Generation Z: The Boom Gen for travel
Young Australians born around 2000 have already made more overseas trips than any previous generation at the same age, prompting companies like Contiki to redefine the way they market to this globetrotting demographic.
Research undertaken by Contiki shows nearly 80% of “Generation Z” have already been overseas by the time they reach an age to travel without family.
As a result, the company’s managing director Katrina Barry says Generation Z travellers are prompting a change in what the company delivers.
“It means we need to offer something different than where they went with mum and dad,” Barry said.
“Before we used to serve our clients chicken and chips in Paris, now they want a more cultural food experience, such as champagne dinners,” she said.
“Your average Contiki traveller is a lot more sophisticated than in the past.”
In Contiki’s research, food accounted for 35% of young Australians’ travel expenses, compared to the overall Aussie average of less than 20%. And while most Australian travellers traditionally spend 50% of their budget on sightseeing, the new generation are only spending 25%.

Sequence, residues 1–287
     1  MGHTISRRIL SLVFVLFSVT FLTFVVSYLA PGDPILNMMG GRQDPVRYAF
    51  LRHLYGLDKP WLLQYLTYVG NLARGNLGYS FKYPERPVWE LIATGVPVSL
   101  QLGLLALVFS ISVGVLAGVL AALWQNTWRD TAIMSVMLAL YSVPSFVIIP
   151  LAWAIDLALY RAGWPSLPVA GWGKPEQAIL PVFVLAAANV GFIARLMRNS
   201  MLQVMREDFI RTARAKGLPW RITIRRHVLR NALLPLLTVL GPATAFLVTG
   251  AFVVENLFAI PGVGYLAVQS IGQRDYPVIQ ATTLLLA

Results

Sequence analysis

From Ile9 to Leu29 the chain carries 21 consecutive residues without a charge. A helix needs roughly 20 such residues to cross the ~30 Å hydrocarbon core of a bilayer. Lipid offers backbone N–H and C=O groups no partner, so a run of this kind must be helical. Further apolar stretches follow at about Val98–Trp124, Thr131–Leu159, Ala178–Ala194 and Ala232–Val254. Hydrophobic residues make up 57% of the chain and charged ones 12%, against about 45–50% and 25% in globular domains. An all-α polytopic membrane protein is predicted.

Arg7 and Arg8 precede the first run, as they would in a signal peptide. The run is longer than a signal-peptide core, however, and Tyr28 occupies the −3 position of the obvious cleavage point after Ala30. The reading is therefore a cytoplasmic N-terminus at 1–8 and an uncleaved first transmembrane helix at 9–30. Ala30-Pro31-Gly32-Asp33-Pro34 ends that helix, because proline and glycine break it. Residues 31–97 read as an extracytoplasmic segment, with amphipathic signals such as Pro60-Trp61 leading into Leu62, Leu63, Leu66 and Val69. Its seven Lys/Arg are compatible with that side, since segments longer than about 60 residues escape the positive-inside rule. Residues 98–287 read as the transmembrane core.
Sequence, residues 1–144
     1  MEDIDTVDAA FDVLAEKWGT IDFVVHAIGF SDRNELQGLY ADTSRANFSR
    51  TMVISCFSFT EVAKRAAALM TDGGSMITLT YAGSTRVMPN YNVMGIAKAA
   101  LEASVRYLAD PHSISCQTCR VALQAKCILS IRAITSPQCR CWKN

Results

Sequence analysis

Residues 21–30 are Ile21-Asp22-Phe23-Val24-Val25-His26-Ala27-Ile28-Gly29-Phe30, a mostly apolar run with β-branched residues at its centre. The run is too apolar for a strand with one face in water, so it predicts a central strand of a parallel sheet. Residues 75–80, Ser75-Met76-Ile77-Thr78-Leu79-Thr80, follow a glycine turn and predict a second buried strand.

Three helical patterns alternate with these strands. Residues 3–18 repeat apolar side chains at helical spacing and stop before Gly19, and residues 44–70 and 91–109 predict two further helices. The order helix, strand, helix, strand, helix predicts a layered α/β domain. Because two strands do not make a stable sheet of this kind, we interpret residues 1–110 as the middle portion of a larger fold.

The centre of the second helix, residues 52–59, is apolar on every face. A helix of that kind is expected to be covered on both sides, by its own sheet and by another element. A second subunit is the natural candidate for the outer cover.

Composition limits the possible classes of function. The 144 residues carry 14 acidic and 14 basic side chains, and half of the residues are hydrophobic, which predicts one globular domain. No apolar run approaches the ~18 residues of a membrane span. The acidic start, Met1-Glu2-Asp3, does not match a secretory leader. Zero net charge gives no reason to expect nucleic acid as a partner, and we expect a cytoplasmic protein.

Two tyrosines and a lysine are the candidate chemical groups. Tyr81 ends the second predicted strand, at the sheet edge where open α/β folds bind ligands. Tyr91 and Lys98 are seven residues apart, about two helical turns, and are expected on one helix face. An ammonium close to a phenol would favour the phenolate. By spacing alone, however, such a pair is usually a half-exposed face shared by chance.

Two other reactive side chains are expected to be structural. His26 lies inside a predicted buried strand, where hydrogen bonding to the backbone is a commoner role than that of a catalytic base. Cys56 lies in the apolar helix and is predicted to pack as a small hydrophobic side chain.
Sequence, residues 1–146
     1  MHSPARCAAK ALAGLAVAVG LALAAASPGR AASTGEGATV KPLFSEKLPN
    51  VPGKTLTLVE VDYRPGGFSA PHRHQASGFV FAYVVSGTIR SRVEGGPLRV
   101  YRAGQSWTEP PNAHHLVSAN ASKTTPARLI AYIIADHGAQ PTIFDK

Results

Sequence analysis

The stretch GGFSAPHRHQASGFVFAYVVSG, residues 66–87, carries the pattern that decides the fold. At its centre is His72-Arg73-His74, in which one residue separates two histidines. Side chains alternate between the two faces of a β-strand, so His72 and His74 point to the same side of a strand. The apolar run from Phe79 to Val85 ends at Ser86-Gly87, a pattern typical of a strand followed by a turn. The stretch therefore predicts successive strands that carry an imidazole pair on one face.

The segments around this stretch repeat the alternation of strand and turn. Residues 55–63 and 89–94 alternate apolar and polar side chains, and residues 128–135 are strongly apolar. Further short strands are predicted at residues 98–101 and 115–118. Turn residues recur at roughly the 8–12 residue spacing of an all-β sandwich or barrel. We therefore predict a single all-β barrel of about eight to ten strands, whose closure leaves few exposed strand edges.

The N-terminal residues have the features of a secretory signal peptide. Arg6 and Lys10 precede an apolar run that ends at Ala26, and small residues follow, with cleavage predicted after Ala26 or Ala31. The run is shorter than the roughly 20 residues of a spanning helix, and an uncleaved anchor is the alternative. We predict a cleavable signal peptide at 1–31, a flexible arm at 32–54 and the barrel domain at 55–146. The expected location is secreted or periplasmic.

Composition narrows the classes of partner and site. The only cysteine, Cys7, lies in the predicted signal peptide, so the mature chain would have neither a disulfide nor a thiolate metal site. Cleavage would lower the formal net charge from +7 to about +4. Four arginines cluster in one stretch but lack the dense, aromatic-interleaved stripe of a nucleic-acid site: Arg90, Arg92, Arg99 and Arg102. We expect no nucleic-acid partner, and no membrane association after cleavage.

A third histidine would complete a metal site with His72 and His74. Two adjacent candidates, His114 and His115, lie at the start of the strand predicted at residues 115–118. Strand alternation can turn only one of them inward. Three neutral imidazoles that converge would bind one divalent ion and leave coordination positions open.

While the traditional Contiki tour still exists, Barry said the company had seen a big demand from young Aussies wanting to experience a culture more thoroughly by visiting one or two countries in detail.
Last Year Contiki launched Limited Edition itineraries dedicated to food, called Munch, and trips called Snap which focus on photography and take in Venice and Berlin.
Barry said the Munch tours featured Dan Churchill and Hayden Quinn of MasterChef who join the tour to offer professional culinary advice.
“Travellers will go to markets to buy produce, take a cooking class with the food they’ve purchased with Hayden and Dan, and learn about the history of food,” she said.
Snap tours feature popular Instagram identities who teach trip participants how to develop their photography skills.
“On Snap, travellers will go to photography hot spots, learn how to photograph landmarks, street art and make their images more appealing.”
Although Contiki is keeping traditional elements, Barry said the new generation’s tastes were driving a new style of travelling.
“While they still want to see the Eiffel Tower, they no longer want to climb it – they would prefer to get lost in Montmartre,” she said.